If I haven’t lost you yet, you should begin to appreciate the richness of this metaphor.   First, you simply can’t get anywhere–you can’t even get off the ground, without creating a difference. Combine that difference with energy in the form of thrust and you really can take off.   It gives new depth, at least for me, to the old French saw “vive la difference!”   There really is no vive without difference.

But, too much difference may get you in trouble and lead to a stall.   You see, when a wing exceeds its critical angle of attack, the air above the wing will burble, and the pressure difference needed for the wing to fly disappears.   The wing “stalls,” is overtaken by gravity, and tumbles toward the earth.

I had a mentor who once said that the only difference between creative people and crazy people was that creative people get paid.   Sometimes, I suppose, that may be true, but sometimes crazy is just taking creative a bit too far.   Difference may be essential for flight, but too much difference may be hazardous.

As good metaphors would have it, exceeding one’s angle of attack and stalling is also a danger of metaphors themselves.   One risks the danger of creating meta-metaphors, and rapidly spiraling toward oblivion.   So, in a desperate effort to maintain your attention and remain airborne, let me lower my wings and get literal.   Perhaps it is just a simple, physical truth that in order to achieve flight we must make a difference.   That could be as simple as trying a new brand of coffee bean, adopting a neglected dog, or if you’re so inclined, creating a new vaccine.   But going too far ahead of the curve might land you out of a job or earn you a ticket to the few remaining loony bins.   Just remember to aim high, but when you begin to feel the burble, lower those creative wings of yours.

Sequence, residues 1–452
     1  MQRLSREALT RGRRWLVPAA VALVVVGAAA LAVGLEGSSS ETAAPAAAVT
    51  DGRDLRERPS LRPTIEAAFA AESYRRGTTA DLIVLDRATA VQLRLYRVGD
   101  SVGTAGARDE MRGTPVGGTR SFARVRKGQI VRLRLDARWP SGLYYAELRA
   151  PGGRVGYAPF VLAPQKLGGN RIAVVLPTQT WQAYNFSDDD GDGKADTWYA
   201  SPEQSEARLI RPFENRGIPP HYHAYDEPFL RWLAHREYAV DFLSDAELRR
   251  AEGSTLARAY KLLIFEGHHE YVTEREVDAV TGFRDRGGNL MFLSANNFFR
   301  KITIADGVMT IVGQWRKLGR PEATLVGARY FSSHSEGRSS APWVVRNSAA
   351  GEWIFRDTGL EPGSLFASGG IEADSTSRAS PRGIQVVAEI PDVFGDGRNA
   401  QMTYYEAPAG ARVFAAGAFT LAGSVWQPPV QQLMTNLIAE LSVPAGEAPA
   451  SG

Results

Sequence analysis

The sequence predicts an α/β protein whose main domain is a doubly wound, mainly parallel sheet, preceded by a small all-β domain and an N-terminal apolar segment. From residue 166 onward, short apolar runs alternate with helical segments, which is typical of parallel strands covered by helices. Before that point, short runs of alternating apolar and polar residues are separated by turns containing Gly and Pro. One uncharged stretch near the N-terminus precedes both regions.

There will be a quiz next week.













Play Missedy For Me

Returning home once from a flying lesson, my wife asked me what I had worked on that day.   I excitedly told her that I worked on “missed landings,” and that I “went missed” three times in one day!

She seemed puzzled, and said something to the effect that, yes, it was foggy that day, but her brow remained crinkled.   When I asked her what was wrong, she timidly said that it seemed dangerous to be landing an airplane in such misty conditions.   It took me a few seconds before I realized that she heard my saying “missed landings” as “mist landings,” and that I “went mist” three times!

I wished I had really meant to say that I “went mist,” because it was clearly more poetic, but while I often get overly poetic in my prose, I rarely speak that way intentionally.   It was, simply, another mist-understanding, and all I felt was amused and some shame at being done in by a homonym.   It wasn’t uncommon for my wife and I to be speaking different languages to each other, and this particular mist-communication (stop it already) was delightfully benign, but many, if not most, misunderstandings have toxic outcomes.

I suffer from an over-attachment to the literal.   I can’t honestly say that such a problem arises out of some scholarly or writerly perfectionism in which –as commandants of writing camps are wont to repeat—there is only one word that is ever precisely correct for each situation.   It is, rather, possibly a biologically driven manner of thinking (he said frustrated by his own lapse into dualism), a way of perceiving the world that many have attributed to gender differences.    While I have many feminine characteristics, when it comes to following a set of instructions, alphabetizing my record collections (I still have them), constructing a chair or deconstructing an argument, I am hopelessly male in my tendencies.